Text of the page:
Pollinator Friendly Gardens

When I walk into my yard I am greeted by a gloriously diverse menagerie of tiny winged creatures.

August 28, 2013 | | Notes from the Wild

My garden is abuzz at this time of year with the life affirming hum of honeybees, bumblebees, solitary bees and wasps. The fluttering of butterflies and day flying moths contributes to the biotic exuberance.

Gardening for pollinators is an act of hope, an act of healing. Attracting winged throngs is a simple, entertaining and fascinating way to thumb your nose at the relentless human-wrought destruction of the natural world.

Such affirmative action is remarkably easy to take. Choose a sunny or partially sunny spot in your yard, turf the turf, and plant pollinator friendly flowers. Water and wait. The bees will come.

There are many plants that are suitable for such a venture. Annual flowers – impatiens, geraniums, marigolds – are not. When I first started gardening I was seduced by the bold, colourful annuals and thought not a whit about their miserable contribution to environmental health.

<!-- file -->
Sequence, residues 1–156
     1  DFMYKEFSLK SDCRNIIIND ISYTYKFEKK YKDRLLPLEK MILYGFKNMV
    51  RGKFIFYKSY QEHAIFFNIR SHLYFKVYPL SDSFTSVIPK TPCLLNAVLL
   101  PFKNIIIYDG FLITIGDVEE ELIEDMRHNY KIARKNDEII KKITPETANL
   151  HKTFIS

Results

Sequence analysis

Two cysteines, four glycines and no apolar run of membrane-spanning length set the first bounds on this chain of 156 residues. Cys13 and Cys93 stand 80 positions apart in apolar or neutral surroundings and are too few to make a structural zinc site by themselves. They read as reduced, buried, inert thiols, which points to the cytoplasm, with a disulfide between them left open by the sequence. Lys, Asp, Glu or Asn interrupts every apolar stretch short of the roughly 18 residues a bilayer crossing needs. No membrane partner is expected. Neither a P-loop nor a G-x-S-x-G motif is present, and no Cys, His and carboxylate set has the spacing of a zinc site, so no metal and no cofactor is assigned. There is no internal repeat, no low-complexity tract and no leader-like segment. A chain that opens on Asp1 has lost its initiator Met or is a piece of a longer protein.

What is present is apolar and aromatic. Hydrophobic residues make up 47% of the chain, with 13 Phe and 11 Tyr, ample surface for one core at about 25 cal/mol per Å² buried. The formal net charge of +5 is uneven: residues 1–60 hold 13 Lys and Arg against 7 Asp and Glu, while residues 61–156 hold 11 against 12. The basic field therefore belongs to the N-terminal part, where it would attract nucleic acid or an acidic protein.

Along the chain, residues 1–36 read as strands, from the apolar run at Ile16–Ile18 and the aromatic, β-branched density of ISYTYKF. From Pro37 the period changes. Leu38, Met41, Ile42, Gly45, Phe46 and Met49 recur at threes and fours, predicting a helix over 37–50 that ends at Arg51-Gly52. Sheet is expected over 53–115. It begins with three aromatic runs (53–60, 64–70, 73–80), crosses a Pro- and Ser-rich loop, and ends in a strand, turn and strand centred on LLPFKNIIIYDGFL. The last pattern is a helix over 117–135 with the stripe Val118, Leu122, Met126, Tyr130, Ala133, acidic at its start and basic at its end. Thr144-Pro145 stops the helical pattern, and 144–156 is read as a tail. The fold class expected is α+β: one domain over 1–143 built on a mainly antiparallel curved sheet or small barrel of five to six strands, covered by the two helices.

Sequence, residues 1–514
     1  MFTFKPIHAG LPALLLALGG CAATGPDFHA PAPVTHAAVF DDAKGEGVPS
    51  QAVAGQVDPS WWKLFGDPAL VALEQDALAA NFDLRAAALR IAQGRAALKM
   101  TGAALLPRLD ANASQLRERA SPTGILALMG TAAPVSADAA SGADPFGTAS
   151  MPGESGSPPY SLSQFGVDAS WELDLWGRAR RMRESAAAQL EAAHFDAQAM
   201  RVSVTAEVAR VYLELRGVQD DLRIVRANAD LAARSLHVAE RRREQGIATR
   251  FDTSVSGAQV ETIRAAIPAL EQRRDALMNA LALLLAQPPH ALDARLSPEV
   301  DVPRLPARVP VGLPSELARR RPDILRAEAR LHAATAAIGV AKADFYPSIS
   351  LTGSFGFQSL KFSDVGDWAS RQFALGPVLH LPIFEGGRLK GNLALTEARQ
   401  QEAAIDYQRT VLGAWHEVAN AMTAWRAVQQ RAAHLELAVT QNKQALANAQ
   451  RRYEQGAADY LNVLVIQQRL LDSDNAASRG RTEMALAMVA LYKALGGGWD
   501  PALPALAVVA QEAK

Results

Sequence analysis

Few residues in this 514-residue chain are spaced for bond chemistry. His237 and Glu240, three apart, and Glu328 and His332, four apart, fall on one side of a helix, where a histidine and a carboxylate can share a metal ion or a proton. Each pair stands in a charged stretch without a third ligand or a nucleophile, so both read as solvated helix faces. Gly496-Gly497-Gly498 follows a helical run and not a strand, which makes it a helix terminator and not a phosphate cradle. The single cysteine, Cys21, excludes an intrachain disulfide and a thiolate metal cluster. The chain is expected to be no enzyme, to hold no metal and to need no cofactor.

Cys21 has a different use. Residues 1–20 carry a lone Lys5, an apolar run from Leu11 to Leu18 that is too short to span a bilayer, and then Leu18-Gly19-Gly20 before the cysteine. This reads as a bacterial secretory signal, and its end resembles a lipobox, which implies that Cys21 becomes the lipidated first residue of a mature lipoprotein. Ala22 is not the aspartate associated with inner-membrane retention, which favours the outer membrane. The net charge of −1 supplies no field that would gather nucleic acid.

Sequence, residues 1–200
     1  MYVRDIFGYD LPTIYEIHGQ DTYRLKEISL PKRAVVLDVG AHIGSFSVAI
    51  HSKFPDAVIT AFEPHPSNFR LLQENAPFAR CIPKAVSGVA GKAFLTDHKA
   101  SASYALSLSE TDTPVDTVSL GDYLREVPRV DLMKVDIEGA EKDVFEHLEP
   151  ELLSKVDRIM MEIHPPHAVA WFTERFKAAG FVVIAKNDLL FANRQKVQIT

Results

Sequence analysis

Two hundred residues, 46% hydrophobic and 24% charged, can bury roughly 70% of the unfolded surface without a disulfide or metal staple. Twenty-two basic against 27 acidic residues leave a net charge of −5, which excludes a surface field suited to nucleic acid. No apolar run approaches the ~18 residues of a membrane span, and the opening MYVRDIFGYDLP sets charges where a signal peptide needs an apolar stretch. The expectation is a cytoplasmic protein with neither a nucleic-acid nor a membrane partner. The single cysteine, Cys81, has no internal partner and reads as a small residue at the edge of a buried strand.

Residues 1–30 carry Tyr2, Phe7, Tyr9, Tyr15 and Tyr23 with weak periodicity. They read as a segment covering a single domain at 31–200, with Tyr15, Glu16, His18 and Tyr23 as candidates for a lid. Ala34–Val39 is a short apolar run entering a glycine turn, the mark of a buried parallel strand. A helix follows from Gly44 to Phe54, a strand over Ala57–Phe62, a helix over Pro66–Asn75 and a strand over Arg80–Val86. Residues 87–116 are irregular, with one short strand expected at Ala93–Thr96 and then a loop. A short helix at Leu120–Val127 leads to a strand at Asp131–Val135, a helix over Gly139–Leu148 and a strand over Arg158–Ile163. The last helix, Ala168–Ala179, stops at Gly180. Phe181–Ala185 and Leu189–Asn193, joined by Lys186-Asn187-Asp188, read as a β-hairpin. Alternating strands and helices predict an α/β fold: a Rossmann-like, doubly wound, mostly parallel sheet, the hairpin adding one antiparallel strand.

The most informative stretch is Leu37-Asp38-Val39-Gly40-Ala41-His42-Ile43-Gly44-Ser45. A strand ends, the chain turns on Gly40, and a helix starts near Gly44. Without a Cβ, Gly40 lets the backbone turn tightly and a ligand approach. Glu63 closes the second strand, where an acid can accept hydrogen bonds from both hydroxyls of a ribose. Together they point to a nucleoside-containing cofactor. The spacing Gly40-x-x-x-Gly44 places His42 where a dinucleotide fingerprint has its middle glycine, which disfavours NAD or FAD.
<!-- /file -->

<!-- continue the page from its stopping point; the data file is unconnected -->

I began, though , to notice woe-begotten bumblebees drift forlornly from annual blossom to annual blossom searching in vain for life giving nectar and pollen. Most annual flowers have had their ancestral connection to the natural world bred out of them. They may as well be wrought of silk or plastic.

I evolved as a gardener. I still plant annuals but now, when I purchase a plant, the first value I consider is whether it will serve the pollinators. This isn’t entirely magnanimous on my part. Yes the environment benefits, but so do I. When I walk into my yard I am greeted by a gloriously diverse menagerie of tiny winged creatures.

Great pollinator plants are numerous. Please refer to the links below for suggestions. And then, if you haven’t done so already, take a small step to heal the world. Plant a pollinator garden and welcome the buzzing of blissful bees.

bald faced hornet on bloodflower bumblebee on Joe Pye cuckoo wasp on fleabane Tri-colored bumblebee on green headed coneflower
Tri-colored bumblebee on green headed coneflower

More Info

These organizations have a wealth of information on how to create pollinator friendly gardens:

And talk to your local grower or garden centre.


About the Author More by Don Scallen

Don Scallen enjoys sharing his love of nature through his writing and presentations. Check out his blog "Notes from the Wild".

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